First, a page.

SHORT-TERM IN-PLACE SHELTERING for a chemical problem:

IN ADVANCE, select a room in your home where you would do the in-place sheltering. An upstairs and interior room is by far the most preferable as some chemical hazards are heavier than air and travel along the ground and will enter basement shelters more easily. The room you choose should have caulked baseboards (or else get them caulked). And the room should be large enough to hold air for all the intended occupants. Be aware that a full-size dog uses twice as much air as an adult, and cats use half the air. To determine air needs and occupancy have everyone you’ll want in the room stand and twirl with outstretched arms (or paws). If they can do this without touching anyone else's outstretched arms there is enough air for one hour. (i.e. an 8 foot by 6 foot typical bathroom holds enough air for 2 adults and a child under 6 years of age for one hour.) You will probably only need to be in this room for about an hour. The chemical cloud will disperse quickly with the wind.

After selecting which room you’ll use, still IN ADVANCE, make a list and keep it handy of what you will keep in that room or bring there quickly if you have to shelter there. You will need to have:

ESSENTIAL TO HAVE ON HAND ALREADY:
• enough plastic sheeting (4 mil is better than 3 mil but you can use down to 2 mil) to cover any
windows, vents, or fixtures in your chosen room. Pre-cut and label the plastic sheeting as described
below.***
• 1 or 2 rolls of duct tape
• a radio or TV to check for OFFICIAL** news as to when it's safe to come out. It is better to have a
battery-powered radio on hand already, but if you are using an electric radio or TV, be sure to tape
around the plug at the outlet to keep air out (as well as taping over all other electric outlets). If you
are using a bathroom, remember to secure around the pipes under the sink, and around ceiling vents.
• a flashlight in case you lose power -- do not use candles or lanterns, as they burn valuable oxygen

OPTIONAL:
• a porta-potty (5 or 6 gal. bucket lined with kitchen garbage bags + some RV/holding tank toilet chemical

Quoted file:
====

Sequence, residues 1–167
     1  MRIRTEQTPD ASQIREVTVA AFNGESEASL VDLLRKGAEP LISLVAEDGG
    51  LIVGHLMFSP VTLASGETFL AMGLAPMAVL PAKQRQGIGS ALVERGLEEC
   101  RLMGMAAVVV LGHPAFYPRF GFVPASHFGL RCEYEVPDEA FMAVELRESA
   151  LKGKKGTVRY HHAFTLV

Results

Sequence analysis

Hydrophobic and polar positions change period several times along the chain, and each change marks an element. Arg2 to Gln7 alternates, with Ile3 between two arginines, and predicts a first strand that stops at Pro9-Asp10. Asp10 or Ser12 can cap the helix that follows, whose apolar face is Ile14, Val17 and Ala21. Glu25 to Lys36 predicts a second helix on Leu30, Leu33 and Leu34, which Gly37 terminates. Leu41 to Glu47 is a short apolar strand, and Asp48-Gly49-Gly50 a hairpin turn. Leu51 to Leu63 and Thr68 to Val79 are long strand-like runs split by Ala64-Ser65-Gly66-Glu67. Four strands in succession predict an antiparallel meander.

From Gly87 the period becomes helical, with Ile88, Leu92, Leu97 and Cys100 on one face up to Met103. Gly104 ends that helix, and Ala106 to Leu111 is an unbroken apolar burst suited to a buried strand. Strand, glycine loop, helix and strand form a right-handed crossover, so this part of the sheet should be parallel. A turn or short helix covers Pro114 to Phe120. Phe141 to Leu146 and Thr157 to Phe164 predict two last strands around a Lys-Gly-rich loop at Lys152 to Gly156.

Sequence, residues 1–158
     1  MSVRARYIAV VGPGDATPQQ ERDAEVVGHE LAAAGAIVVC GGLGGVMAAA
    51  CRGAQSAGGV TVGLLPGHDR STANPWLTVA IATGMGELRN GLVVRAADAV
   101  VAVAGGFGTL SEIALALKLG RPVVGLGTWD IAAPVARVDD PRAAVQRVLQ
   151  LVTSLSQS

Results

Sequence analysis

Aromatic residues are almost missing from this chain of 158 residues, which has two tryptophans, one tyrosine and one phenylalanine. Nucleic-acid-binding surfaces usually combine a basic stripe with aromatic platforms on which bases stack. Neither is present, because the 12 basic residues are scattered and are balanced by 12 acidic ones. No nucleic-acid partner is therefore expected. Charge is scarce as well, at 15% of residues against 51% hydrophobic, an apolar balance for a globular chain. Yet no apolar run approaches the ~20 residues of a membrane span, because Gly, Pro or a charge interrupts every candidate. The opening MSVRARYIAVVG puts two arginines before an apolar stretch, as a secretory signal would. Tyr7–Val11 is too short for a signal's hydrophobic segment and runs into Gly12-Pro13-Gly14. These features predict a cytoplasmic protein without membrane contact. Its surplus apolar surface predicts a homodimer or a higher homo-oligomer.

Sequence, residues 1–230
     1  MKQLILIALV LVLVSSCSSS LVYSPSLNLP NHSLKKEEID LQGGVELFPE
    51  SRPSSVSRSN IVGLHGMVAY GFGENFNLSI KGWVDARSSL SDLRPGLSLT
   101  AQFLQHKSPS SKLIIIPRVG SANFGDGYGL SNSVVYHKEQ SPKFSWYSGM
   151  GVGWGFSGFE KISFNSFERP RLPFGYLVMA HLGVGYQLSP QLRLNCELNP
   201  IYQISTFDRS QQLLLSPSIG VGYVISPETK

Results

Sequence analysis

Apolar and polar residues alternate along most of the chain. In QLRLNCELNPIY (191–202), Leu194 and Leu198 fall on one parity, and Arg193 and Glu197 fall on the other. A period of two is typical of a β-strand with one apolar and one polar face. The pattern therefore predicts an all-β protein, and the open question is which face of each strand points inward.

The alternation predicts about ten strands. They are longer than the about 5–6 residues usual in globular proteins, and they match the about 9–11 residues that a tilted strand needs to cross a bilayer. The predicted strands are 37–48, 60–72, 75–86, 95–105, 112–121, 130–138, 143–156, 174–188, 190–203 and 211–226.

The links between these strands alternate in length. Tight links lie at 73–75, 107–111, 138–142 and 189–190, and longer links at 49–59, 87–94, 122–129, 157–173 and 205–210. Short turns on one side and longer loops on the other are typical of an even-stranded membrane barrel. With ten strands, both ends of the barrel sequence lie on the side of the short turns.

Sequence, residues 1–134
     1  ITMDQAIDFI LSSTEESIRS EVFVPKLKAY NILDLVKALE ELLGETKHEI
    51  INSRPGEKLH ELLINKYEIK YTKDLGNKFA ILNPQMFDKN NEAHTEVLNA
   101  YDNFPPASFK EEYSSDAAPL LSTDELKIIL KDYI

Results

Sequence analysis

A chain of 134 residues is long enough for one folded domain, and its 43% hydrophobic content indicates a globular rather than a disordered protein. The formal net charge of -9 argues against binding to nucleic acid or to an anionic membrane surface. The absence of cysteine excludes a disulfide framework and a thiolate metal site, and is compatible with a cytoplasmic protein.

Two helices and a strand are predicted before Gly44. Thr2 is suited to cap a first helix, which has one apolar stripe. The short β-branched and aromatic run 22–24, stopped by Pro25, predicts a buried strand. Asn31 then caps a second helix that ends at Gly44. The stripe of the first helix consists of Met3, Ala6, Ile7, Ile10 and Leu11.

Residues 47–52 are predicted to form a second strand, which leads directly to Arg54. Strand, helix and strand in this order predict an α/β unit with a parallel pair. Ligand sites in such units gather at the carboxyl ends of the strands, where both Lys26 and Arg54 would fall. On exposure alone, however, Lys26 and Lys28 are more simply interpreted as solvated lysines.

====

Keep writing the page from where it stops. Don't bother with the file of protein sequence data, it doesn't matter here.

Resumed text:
or a pail of dirt + a lid or plastic snap-on toilet seat). If you use your regular inside toilet, DON’T
FLUSH IT, because this displaces valuable air.
• coats, blankets
• a telephone

HAVING MADE THESE DECISIONS IN ADVANCE, HERE’S WHAT YOU DO IF AN INCIDENT HAPPENS:

First: **Turn on a radio or TV for OFFICIAL information. In Utah County this is KBYU - 89.5 FM, and SL County is KSL - 1160 AM, or channel 5 on TV.

Second: Turn off all mechanical or electrically operated air intakes or air exchanges to your home, business, school, or church, etc., namely your furnace or air conditioner, chimney flue dampers, and any fans. TURN THE FURNACE OR A/C OFF either at the furnace switch or at the thermostat. Don’t just turn the thermostat down. Do not take the time to get on your roof to cover vents and/or chimney openings.

Third: Close, lock, and secure your home (windows, doors, animal entries, etc.). Close windows, blinds, and drapes.

Fourth: 1. Gather your family and pets and the listed supplies into your selected room, and using the pre-cut and labeled plastic sheeting*** and duct tape, make the room as air-tight as possible. While gathering your family, you can provide a minimal amount of protection to your breathing by covering your mouth and nose with a damp (not soaking wet) cloth.
2. Wet some towels and jam them in the crack under each door in that room.
3. With the pre-cut plastic sheeting and duct tape, cover over windows, heat vents, light switches,
power sockets, fireplaces, baseboard gaps (if the baseboards aren’t caulked), light fixtures, and
entire door frames.

*** In advance
, cut the plastic sheeting to fit entirely over the window and door frame (so that you are actually taping the plastic onto the interior wall and not the casing), and then label each cut piece of plastic sheeting with a marker pen as to where it will go.

4. Limit activity and air usage in the room.
5. It is advisable not to use water from the taps or flush toilets as this could displace valuable air.
6. Do not use lanterns or candles. This definitely uses oxygen. If your power is still on, it is fine to use